Decline in SABC TV News viewing, website views up
The SABC in its annual report notes that "SABC News broadcasting on terrestrial platforms contributed 60% of the top ten news broadcasts on free-to-air (FTA) TV in South Africa during the period under review.
This represented a 10% decline from the previous year due to the decline in
popularity of one of the live properties".
The SABC says SABC News bulletins on SABC1, SABC2 and SABC3 "commanded between 12% and 14% of all viewing by FTA audiences". Current affairs programming was consistent at 8% of all television viewing.
At the end of the 2017/18 financial year, traffic on the SABC News website showed steady growth ending the year at 875 000 page views. The SABC's SABC News YouTube channel reached 10 million views in March 2018 from an average monthly performance of 5 million views.
The SABC says the chart depicts the number of minutes afforded to each sport/genre.
Coverage of soccer at 49% of total time, dominates with almost half of all time given to sport broadcasts going to football coverage.
The SABC said the high percentage of cricket at 41% is due to the time of play which is made up of nine tests, nine ODI’s and five T20’s, "however soccer still dominates on all SABC platforms".
South African rugby and boxing got a measly 1% of total airtime, less than the 3% given to mixed martial arts coverage. The SABC says "during the period under review, the SABC experienced financial challenges and as a result all outbound cricket and rugby events could not be broadcast on TV."
High definition upgrades
The SABC says in its annual report that "all stakeholders were consulted including local producers on the commencement of content delivery in high definition (HD) as of 1 July 2017".
"The interim HD infrastructure setup for studios 3, 4 and 5 were put in place with major changes to control room and floor equipment. The installations included IP Digital Video Switchers, HD monitoring systems and HD camera chains for the studio floor as part of the adoption of the SABC HD delivery standard."
"During the 2017/18 financial year, the transmission technical support team defined the best configuration for the play-out of SD and HD content."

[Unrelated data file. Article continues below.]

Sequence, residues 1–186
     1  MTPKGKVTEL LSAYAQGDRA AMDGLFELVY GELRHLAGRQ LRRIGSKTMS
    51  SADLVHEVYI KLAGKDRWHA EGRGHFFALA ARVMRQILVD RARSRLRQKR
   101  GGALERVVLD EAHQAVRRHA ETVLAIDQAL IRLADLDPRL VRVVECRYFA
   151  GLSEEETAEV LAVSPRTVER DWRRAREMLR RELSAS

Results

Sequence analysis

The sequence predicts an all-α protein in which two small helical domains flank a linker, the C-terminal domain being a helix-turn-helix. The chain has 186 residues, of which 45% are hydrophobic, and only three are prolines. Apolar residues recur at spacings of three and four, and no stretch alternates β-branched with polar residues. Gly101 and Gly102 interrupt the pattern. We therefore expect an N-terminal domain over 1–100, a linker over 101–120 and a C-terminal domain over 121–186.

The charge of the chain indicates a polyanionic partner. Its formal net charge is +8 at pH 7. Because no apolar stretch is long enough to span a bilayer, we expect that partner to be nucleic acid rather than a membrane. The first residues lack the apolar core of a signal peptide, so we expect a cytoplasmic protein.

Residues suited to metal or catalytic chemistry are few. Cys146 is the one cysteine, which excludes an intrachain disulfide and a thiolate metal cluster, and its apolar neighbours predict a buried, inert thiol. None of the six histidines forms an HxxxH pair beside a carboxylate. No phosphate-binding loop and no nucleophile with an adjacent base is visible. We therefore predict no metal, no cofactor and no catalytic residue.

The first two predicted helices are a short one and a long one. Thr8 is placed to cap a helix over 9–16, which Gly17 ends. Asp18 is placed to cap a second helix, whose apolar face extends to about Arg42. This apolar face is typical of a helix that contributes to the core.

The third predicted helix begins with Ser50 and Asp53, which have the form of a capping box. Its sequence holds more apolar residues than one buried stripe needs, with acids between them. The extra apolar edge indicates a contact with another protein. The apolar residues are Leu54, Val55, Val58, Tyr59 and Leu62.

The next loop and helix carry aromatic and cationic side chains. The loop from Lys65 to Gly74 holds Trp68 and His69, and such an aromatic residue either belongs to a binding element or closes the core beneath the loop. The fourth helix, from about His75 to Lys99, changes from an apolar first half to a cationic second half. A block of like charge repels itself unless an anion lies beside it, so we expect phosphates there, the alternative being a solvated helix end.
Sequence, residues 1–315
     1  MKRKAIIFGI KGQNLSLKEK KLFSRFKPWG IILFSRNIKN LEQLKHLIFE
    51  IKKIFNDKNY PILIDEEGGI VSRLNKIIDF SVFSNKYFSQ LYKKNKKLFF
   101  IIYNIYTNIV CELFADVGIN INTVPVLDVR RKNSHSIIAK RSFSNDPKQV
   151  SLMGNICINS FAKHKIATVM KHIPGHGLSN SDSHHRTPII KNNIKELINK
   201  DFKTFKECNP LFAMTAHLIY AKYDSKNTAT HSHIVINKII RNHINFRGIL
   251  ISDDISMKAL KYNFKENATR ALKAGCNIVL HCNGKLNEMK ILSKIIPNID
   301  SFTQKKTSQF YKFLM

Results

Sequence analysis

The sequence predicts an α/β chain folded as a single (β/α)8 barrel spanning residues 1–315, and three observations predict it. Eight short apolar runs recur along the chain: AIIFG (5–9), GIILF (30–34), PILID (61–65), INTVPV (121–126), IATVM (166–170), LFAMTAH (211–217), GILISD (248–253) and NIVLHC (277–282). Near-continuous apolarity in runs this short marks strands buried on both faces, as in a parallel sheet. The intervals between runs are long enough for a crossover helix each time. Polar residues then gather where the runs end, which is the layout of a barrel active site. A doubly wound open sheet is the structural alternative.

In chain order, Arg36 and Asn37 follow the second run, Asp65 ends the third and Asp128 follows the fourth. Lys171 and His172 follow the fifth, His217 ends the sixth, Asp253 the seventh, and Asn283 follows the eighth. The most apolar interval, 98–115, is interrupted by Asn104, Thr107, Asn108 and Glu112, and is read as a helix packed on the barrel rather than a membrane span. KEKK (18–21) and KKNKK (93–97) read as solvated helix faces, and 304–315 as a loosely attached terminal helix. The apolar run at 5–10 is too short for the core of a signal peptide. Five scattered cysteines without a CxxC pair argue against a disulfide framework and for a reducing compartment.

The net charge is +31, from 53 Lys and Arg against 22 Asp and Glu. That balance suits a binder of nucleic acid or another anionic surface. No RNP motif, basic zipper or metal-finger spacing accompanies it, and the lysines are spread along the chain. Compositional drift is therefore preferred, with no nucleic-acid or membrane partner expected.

"This informed a decision to also have all the scheduled media ingest for broadcast on 16:9 aspect ratio transmissions for the final control centre (FCC)."
"The SABC3 final control centre was switched from SD to HD on 22 March 2018. This is a major accomplishment in the division’s efforts to improve the on-air quality for SABC TV channels. The division aims to convert the rest of the final control centres to HD concurrently with the implementation of the new Pebble Beach automation in the new financial year."
"Projects for the next financial year include: a multi-channel play-out facility to cater for additional TV channels on DTT, and other carriage agreements, News Studio 10 and 12 replacement, replacement of Studio 1 and 2, and the acquisition of five outside broadcast (OB) vans."
SABC apps coming in 2019
The SABC says in its annual report that "in the 2019 fiscal the SABC will be pursuing an over-the-top (OTT) strategy with the aim of offering a range of audio, video and text-base content".
"The aim of the SABC OTT is to offer the content centrally over the internet through mobile applications giving more options on how and when to consume the content."
The SABC said a total of 1 684 direct complaints were received.
During the 2017/18 financial year, 115 complaints against SABC services were received by the Broadcasting Complaints Commission of South Africa (BCCSA). Of these complaints, 109 were dismissed and 6 were upheld.
Of those upheld, the SABC were ordered to pay a combined R30 000.
SABC1 was fined R10 000 for airing a vulgar song during the live broadcast of the Metro FM Awards.
SABC2 was reprimanded for not putting additional warnings when broadcasting sensitive episodes of 7de Laan; and SAfm was reprimanded for airing a story that promoted illegal conduct. This was a clip wherein an SABC journalist said that his late friend had committed insurance fraud.
Metro FM news was warned not to repeat the offence after airing a misleading story that implied that a woman had disrupted former president Jacob Zuma’s speech in Kliptown; and SABC1 was fined R20 000 for the broadcast of Casper Nyovest's concert without the appropriate on-screen
The Advertising Standards Authority of South Africa (ASASA) ruled against the SABC in a case over SABC TV Licences and ordered the SABC to withdrew a sexist advert.
During the 2017/18 financial year, the SABC had 7 disabling injuries on duty, with no fatalities, in its total workforce of 3 444.